I think it was an oversight. The feminine "Je me suis décidée" is accepted as well. Just to add this note, the reflexive "se décider" is generally interpreted as "make a decision" or "make up one's mind". The reference to "self" as in "myself" is redundant, although one could say "I have made up my mind" or "I have made my decision".
Hi 370 - English speaker here, UK man of 67 years. I have never heard a UK English expression "turned up my mind" but I have often heard and used "I made up my mind" or "I have made my decision". I have also often heard and used the expression "made up the bed" or "made the bed" and very infrequently I have heard "turned up the bed". Normally I would understand and use "turned up" to mean an unexpected arrival of someone or something, additionally, depending on context, it could also be used to describe a physical repositioning of something like from being turned down to being turned up. I would understand and use "made up" to mean something has been constructed, fabricated or built. Some examples of "turned up" and "made up" are "He just turned up unexpectedly", "The letter was turned up enabling me to read it while it was on his desk", "It was made up of bricks, wood and plaster". I hope helps you.
The issue is not on the French side of the equation but on the English side. The French is reflexive (se décider) which is translated as "make a decision" or "make up one's mind". I (have) made my decision (or) I made up my mind. Adding "myself" is unnecessary (I know, you wanted to emphasize it). Maybe "Je suis me décidé moi-même". Either way, it's redundant.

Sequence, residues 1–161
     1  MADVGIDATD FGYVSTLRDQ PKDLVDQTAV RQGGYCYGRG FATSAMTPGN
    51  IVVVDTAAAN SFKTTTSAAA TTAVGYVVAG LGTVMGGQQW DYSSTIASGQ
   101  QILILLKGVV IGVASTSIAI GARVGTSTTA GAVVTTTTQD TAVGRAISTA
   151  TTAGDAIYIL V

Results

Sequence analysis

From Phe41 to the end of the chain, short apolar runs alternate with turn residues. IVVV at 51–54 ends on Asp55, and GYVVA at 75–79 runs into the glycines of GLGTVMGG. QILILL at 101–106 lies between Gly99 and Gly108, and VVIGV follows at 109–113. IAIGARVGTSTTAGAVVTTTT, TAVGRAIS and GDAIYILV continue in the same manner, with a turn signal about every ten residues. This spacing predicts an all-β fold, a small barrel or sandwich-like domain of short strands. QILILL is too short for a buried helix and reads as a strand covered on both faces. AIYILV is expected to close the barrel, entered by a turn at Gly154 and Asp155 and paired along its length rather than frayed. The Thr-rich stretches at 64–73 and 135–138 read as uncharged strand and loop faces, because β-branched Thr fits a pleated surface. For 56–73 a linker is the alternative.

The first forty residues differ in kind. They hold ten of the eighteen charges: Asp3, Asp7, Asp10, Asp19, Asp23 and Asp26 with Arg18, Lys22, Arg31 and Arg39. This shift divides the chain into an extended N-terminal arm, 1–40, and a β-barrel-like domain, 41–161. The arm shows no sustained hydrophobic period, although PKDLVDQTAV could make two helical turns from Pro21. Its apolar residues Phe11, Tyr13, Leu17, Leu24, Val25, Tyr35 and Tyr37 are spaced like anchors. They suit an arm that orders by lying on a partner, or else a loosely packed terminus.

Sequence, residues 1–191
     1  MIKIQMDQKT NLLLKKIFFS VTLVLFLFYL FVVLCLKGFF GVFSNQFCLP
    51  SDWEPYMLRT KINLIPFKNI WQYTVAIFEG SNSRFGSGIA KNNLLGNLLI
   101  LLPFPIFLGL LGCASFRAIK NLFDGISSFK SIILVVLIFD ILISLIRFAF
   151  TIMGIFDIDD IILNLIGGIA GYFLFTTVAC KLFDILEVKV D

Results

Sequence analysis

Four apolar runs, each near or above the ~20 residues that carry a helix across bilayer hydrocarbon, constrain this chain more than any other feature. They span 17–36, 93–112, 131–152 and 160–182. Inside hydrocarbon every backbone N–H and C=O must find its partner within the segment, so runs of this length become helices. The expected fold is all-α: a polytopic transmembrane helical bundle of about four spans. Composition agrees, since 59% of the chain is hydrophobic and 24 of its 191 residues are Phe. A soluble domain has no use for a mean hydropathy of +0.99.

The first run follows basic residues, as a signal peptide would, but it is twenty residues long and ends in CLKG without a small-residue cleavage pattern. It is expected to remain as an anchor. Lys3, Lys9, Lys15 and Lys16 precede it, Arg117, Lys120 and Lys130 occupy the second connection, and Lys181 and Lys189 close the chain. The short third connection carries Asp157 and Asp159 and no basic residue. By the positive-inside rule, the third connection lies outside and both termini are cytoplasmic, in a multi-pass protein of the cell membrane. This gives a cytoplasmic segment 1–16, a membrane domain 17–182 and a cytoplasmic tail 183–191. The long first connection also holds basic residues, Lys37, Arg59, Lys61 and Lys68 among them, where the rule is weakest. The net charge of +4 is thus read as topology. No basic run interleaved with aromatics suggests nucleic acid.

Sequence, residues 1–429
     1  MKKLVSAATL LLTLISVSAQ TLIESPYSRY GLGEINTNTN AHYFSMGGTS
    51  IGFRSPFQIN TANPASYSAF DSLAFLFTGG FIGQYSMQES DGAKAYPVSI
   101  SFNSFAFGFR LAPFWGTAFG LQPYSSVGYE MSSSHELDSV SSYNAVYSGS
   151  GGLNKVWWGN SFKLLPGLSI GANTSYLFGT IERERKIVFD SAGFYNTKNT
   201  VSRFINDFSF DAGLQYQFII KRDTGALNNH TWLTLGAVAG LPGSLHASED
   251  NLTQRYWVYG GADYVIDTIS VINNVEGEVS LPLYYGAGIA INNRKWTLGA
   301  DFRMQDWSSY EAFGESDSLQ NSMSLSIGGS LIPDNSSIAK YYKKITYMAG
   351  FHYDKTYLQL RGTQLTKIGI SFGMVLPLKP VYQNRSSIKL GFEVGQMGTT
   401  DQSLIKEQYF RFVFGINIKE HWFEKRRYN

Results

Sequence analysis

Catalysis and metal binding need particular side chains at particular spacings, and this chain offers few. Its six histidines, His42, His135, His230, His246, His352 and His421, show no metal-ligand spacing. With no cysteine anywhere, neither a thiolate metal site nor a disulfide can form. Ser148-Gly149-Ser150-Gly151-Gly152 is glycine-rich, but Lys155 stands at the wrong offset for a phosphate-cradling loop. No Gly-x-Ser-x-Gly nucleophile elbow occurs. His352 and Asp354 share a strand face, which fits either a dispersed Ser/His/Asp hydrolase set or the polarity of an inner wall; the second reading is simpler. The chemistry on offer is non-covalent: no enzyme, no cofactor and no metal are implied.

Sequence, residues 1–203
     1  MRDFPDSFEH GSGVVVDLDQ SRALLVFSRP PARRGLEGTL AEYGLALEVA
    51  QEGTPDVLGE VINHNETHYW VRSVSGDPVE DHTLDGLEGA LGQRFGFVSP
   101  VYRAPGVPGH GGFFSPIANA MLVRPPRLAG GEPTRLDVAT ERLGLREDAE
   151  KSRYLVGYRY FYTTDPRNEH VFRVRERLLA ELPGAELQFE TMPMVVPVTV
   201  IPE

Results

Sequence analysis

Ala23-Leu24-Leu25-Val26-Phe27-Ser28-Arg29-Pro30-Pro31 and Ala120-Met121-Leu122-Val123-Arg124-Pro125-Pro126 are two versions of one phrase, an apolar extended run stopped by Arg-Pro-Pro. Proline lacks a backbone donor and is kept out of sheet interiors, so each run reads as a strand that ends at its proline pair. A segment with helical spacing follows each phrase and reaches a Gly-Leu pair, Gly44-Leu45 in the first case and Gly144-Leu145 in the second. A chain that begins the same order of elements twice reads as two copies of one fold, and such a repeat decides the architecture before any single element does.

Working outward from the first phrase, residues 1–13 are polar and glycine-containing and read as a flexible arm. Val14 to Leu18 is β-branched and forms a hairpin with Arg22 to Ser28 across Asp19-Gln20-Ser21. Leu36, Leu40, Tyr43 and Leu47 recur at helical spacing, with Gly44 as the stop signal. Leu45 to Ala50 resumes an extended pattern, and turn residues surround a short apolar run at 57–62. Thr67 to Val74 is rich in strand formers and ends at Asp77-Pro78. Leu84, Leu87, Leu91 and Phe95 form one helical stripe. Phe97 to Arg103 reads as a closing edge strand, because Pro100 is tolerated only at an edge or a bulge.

Yes, the emphatic "I decided myself" (i.e nobody helped me) is a possible sentence in English... but that's very different to a reflexive "myself" as in "I helped myself/hurt myself/killed myself". The same word is being used in two different ways, only one of which is equivalent to the "me" of "je me décidé".
I beg to differ, event though we would need a complementary phrase. I.e.: "I decided myself (without asking anybody else), in spite of my best judgment." And by virtue of the comma, you can even turn it around: "In spite of my best judgment, I decided myself (without asking anybody else).
Okay. So noted. Thank you.
Just by way of a side note: I have since learnt that verbs such as 'make up' are called 'separable phrasal verbs'.
Ref. (esp. point 6) here: http://www.englishpage.com/prepositions/phrasaldictionary.html
It doesn't mean exactly the same thing in English; "I decided" refers to an act one performed in the past, whereas "I am decided" refers to one's mental state in the present. That being said, I suspect that the same French sentence can mean both, similar to how "Je suis mort" can mean either "I died" or "I am dead". Any francophone know if that is true?
It can be used in several ways: décider, and the reflexive form, "se décider". All reflexive verbs use être as the auxiliary verb.
apparently, there are two cases: je décide (which i think refers to making a decision to do something). this one conjugates with avoir. so it would be "j'ai décidé". je me decide (this is used when you make a choice between 2 or more things). this one conjugates with être. so "je me suis décidé". i might be wrong about the difference in meaning. could a native speaker confirm this?